Truckers plan to give Skaneateles a Dickens of a time
by Matt Michael / The Post-Standard Monday November 17, 2008, 9:40 PM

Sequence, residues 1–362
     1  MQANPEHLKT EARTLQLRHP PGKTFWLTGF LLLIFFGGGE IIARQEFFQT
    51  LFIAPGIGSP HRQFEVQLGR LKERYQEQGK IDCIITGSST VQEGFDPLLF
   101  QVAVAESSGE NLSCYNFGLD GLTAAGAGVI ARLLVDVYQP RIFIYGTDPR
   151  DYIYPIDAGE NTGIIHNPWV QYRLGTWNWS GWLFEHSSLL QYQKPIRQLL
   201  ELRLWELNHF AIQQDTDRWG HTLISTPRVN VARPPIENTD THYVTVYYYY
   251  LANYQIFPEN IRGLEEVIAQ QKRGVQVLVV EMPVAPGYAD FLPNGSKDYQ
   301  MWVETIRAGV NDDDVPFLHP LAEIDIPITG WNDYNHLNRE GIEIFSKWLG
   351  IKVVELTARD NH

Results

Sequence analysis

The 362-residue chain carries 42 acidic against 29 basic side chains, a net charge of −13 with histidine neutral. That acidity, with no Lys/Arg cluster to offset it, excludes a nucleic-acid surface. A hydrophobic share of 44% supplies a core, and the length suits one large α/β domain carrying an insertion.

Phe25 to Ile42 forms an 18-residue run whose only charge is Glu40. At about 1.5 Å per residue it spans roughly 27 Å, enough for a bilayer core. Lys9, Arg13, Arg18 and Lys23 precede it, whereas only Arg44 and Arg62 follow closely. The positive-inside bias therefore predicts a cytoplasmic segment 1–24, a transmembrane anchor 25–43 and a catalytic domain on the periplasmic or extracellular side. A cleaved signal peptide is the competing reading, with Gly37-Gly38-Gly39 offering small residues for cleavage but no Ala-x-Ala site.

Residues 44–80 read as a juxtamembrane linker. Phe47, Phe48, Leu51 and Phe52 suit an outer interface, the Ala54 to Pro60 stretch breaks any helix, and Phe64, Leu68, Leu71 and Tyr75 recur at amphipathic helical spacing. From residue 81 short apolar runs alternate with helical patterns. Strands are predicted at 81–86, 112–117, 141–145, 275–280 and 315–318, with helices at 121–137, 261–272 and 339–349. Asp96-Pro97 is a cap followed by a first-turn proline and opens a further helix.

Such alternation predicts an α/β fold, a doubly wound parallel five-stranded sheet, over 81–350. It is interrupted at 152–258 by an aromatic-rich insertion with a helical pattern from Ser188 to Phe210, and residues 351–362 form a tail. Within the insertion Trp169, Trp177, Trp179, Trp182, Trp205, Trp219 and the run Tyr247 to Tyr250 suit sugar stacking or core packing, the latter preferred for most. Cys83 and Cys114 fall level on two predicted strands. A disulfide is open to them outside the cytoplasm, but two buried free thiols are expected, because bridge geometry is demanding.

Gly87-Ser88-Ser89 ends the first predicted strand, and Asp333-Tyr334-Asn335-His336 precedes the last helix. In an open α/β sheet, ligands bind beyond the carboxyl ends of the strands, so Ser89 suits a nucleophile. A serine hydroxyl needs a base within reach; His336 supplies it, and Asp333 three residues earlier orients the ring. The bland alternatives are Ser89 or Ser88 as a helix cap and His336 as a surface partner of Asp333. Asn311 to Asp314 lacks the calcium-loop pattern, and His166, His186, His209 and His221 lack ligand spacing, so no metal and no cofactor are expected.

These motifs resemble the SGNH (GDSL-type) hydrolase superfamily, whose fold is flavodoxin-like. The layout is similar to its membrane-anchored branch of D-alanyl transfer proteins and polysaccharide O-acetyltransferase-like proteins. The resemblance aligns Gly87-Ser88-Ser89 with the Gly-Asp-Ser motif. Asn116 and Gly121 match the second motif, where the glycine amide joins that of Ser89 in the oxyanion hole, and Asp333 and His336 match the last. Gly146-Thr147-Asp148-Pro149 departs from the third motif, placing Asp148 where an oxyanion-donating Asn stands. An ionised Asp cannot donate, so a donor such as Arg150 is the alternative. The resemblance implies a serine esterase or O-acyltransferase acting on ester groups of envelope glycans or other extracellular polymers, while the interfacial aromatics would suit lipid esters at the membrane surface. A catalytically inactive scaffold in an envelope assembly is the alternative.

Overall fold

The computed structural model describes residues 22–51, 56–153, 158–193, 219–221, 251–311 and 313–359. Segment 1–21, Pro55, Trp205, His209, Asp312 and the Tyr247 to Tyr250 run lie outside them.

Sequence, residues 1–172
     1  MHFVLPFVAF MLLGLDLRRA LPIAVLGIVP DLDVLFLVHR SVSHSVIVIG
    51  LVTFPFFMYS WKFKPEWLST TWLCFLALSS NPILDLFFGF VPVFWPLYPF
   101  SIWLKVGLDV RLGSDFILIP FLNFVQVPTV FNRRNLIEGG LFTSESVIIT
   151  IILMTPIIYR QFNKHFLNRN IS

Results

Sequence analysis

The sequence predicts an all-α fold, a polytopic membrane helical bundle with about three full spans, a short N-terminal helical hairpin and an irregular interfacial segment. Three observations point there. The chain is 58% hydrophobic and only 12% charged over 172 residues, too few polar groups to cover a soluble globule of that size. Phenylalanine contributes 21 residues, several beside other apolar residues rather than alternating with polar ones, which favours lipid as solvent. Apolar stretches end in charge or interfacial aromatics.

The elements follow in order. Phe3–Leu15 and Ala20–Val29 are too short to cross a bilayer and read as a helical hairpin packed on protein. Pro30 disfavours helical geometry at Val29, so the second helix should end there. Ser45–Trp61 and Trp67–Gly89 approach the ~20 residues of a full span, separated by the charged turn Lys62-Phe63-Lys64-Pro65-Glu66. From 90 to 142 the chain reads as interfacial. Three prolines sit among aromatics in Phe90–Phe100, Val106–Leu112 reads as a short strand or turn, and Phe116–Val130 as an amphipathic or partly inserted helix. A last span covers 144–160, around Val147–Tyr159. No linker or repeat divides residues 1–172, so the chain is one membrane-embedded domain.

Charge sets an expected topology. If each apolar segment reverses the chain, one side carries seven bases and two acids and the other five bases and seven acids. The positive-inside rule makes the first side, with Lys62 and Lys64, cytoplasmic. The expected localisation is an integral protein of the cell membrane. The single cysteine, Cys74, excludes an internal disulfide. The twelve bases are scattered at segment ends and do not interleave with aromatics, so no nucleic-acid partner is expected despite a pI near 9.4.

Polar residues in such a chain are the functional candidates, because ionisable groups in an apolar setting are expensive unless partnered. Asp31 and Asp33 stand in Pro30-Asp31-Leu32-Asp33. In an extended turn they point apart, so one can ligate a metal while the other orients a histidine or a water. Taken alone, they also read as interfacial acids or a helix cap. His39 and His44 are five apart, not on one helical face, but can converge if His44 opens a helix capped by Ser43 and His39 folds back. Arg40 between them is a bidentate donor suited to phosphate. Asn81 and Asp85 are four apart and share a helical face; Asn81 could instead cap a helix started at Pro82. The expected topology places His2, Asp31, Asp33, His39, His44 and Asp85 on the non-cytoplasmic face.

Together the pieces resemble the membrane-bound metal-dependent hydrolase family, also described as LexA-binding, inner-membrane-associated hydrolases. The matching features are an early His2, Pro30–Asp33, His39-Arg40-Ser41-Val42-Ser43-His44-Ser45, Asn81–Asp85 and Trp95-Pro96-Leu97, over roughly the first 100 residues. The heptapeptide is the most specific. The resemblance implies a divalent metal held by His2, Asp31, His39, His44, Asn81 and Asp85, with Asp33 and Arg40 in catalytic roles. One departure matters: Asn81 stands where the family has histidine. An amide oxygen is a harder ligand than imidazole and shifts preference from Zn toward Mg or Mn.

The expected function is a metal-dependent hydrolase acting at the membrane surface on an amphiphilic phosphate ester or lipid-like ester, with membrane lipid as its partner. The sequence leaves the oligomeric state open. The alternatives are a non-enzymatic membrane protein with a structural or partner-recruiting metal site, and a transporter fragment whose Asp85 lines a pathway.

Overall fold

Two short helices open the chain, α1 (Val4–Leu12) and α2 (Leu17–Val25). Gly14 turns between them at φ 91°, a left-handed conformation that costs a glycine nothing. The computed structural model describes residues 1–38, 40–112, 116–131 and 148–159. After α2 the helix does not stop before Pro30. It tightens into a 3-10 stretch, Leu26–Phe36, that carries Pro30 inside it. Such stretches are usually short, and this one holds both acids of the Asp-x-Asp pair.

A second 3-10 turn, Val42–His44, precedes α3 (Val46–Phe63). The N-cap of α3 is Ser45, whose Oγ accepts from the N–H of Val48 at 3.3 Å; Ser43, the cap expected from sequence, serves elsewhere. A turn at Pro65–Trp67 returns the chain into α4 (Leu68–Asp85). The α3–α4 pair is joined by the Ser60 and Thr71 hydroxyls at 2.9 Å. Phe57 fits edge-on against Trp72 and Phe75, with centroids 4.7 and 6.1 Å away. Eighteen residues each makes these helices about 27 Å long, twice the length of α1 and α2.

SKANEATELES, NY -- Even Scrooge couldn't have thought this one up.On Nov. 28 -- the day after Thanksgiving and opening day for Dickens Christmas celebration in Skaneateles -- the village of Skaneateles could turn into a parking lot for about 400 trucks and tractor-trailers.Truckers and Citizens United, a national group that represents 15,000 drivers and trucking employees, is planning a convoy and rally that will start at Exit 41 on the New York State Thruway and end in downtown Skaneateles.Charlie Claburn, the organization's Northeast regional director, said the convoy will protest Gov. David Paterson's push to restrict truck traffic on certain rural state roads."When did we start living in a country where they have to tell us which way to go to get somewhere?" Claburn said.Claburn said the trucks will leave Exit 41 about 10 a.m. and rumble from routes 414 to 318 to 20 in Auburn and then Skaneateles.At noon on the same day, the annual Dickens Christmas will kick off at the Sherwood Inn, on Genesee Street (Route 20), with a proclamation by an actor playing Charles Dickens, the author of "A Christmas Carol." Dickens Christmas features Dickens characters performing interactive street theater in the village.The day after Thanksgiving is traditionally the biggest day of the year for the shops along Genesee Street, said Sue Dove, executive director of the Skaneateles Chamber of Commerce."(The trucks) will just detract from the whole ambience of stepping back in time to a gentler, more peaceful way of life," Dove said. "If they do come, we will go forward and we hope things will be in place to make it safe for everyone."In September, Truckers and Citizens United planned to send more than 200 trucks to Washington, D.C., to protest high gas prices. About 20 truckers showed, and organizers blamed the low turnout on the high fuel prices.Claburn said he expects 400 mostly New York truck drivers to attend the protest Nov. 28.In May, Paterson visited Skaneateles to announce that the state Department of Transportation would implement policies to prevent big rigs from taking shortcuts through towns and villages.When residents yelled that they had been waiting decades for such a solution, Paterson said, "You've been waiting 20 years? Well, there's a new sheriff in town."Under the latest plan that DOT officials unveiled earlier this month, trucks could travel on seven roads -- including routes 41, 41A, 90 and 38 in Onondaga, Cayuga and Cortland counties -- only if the roads provide the sole route for the trucks to perform their pickups or deliveries. In all other cases, trucks would be required to use major highways, such as Interstate 81 or the Thruway.Charles Carrier, speaking for the state DOT, said the plan is the result of months of dialogue with the trucking industry, municipal and business leaders and residents who attended a public hearing in Syracuse in September. By the end of this month, Carrier said, the proposal will be forwarded to the Governor's Office of Regulatory Reform, which helps state agencies write rules and regulations.Then there's a 45-day public comment period. If there is not strong opposition to the plan, it could become law early next year, Carrier said.Citizens and Truckers United scheduled the protest to bring attention to the plan and to ask residents to oppose it.Claburn said there are more than 500,000 trucking jobs in the state, and most of the truckers are with small fleets. He said it will cost these workers millions of dollars in fuel, tolls and operating costs to avoid rural roads.Claburn said the trucking group is protesting in Skaneateles because village officials and residents have been vocal about keeping trucks off the local roads. He acknowledges the trucks will "really tie things up" in Skaneateles, but he said he's asking residents to be patient and consider the truckers' side.Claburn said he'd like to meet Nov. 28 with Skaneateles Mayor Robert Green to talk about a compromise that would keep trucks on rural roads, but away from schools and downtowns.The mayor said he doesn't know how the protest will change residents' minds."It could have the reverse effect for what they're trying to accomplish," Green said.Skaneateles Police Chief Lloyd Perkins said he has heard the rumors about the convoy, and he has had conversations with the state police about it. He said his main concern is that emergency vehicles be able to get in and out of the village.Perkins said the police won't try to stop the convoy as long as it's peaceful.
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